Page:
The Story Behind The Song
It came from the east and from a different time. In the midst of the long-haired rock and flared disco of Britain in the mid-70s, the sound of Kraftwerk had seemingly travelled through time to interfere with the radio airwaves.
In February 1975, the German group's album Autobahn created an electronic soundscape that was light years ahead of its time. Three years later, the fuse-blowing synth Die Mensch Maschine (The Man Machine) was the big bang of electronica, defining a new spacetime for pop music. It painted aural pictures about technology and urban landscapes with songs titled with Die Roboter (The Robots), Space Lab, Metropolis and Neonlicht (Neon Lights).
Another track on the avant-garde album was Das Model (The Model). It was different to the others: it was far shorter in length and concerned itself directly about people. More specificly, it was inspired by high-class models working in Cologne nightclubs. The lyrics proved controversial because of their perceived objectification of women: "She's a model and she's looking good... She is looking good, for beauty we will pay." Yet others insist it is a critique of a male-dominated consumerism. Indeed, its clipped lyrics, minimalist arrangement and melody repeated as a riff beneath the vocals gives the song a jingle quality. And like a jingle, it is difficult to get out of your head once you've heard it.
The Model was released on a single in the UK in September 1978, the 12" version pressed on luminous vinyl, but only as a B-side to the nine minute epic Neon Lights. In a country enthralled by the kitsch-disco of Grease, it received less attention from single buyers than a six-year old playing a stylophone. Skip another three years to 1981: Kraftwerk released their next album Computer World. Computer Love, its second single release, made the Top 40 at the end of July, their biggest UK hit since Autobahn. Once again, The Model played supporting act as the B-side.
But then something different happened. In clubs the B-side was preferred to Computer Love and during the following months it received airtime in its own right, prompting the disc to be flipped in December. However, the picture sleeve reflected the original A-side: a monochrome image of a computer terminal. Some minor changes were made: the background colour changed from yellow to red and the computer had a yellow screen displaying the words "The Model" instead of a blank green one. The imagery only served to underscore its digital sound.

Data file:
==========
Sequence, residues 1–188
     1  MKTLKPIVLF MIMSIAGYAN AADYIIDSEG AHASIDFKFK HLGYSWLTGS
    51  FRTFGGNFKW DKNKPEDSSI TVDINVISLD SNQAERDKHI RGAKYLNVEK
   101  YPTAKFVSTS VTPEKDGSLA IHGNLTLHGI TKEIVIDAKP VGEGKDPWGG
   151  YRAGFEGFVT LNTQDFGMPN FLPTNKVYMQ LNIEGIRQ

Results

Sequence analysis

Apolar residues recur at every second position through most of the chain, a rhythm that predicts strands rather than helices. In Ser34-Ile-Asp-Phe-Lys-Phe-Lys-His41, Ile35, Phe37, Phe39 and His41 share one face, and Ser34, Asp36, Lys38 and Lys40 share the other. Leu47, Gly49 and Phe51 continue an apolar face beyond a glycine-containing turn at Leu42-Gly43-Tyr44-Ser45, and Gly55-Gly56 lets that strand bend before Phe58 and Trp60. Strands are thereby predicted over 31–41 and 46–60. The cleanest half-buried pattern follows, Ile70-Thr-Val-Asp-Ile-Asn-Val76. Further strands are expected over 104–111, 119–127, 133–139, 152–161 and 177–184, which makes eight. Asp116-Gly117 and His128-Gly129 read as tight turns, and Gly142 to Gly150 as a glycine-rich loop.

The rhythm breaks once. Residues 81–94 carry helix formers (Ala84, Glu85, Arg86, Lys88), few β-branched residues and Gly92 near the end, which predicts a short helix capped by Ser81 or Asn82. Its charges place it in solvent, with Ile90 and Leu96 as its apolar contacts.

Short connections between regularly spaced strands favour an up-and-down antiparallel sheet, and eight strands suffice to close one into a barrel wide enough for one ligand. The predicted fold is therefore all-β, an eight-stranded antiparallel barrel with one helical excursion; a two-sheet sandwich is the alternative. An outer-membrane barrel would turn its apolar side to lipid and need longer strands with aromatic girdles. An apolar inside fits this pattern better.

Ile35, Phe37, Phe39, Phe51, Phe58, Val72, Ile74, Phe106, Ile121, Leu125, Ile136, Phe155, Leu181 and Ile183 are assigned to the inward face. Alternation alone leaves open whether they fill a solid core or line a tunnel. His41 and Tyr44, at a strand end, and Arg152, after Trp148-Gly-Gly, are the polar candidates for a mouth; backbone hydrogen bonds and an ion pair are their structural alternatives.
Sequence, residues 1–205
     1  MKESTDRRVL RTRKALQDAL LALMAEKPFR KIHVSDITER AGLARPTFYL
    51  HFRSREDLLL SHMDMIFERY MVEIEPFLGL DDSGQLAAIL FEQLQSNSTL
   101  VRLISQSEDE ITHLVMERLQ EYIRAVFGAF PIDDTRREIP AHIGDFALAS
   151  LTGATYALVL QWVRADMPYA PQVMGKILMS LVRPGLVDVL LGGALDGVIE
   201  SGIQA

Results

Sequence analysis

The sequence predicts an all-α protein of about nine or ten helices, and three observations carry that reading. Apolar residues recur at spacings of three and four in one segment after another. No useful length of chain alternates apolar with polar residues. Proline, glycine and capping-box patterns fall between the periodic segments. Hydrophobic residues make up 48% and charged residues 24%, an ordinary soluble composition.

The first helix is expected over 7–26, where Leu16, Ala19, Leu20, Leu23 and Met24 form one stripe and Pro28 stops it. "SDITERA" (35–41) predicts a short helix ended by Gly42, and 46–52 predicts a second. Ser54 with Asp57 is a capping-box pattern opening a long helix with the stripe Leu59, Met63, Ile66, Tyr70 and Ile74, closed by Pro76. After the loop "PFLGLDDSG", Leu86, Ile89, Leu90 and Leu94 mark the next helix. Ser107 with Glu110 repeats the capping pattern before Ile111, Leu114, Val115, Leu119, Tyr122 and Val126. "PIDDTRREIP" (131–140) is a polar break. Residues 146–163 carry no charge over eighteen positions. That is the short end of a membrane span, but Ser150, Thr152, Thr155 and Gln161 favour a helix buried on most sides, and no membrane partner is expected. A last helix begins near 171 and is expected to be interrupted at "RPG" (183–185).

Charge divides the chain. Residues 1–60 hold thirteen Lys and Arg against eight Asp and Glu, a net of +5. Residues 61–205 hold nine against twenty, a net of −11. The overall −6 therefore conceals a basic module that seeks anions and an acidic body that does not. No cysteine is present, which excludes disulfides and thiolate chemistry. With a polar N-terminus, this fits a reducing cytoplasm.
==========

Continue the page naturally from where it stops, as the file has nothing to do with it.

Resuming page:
As an A-side, The Model was the official No. 1 for one week in February 1982 but topped the NME chart for three. Amazingly, despite being four years old, it sounded as fresh and innovative as the first wave of electronic groups which were shaping the singles chart at this time - groups such as Depeche Mode, OMD, Soft Cell and the Human League. By 1982, Kraftwerk were no longer light years ahead of their rivals but had gracefully descended to be merely at the vanguard of pop, as others had raced to emulate their futuristic sound.
Kraftwerk were genuine innovators, and probably did more to advance musical technology than any single group: they used custom made digital devices and instruments, invented the electronic drum kit and incorporated industrial sounds into their music. Kraftwerk's legacy is now widely appreciated. Indeed, when examining the breadth of music during The Golden Years of The British Single (1977 - 1985), it is possible to reduce the major influences to just five acts: Chuck Berry from the 1950s; The Beatles and The Kinks from the 1960s; and Bob Marley and Kraftwerk from the 1970s.
And when The Model reached No. 1 on the UK singles chart the British public had finally caught up with their future.
We hereby instate The Model by Kraftwerk on The Wall as the No. 2 Best Single of 1982.
Electonic music innovators, Kraftwerk created the prototype for modern pop with 'The Model' which was originally released on the band’s classic 1978 album 'The Man Machine'Dave B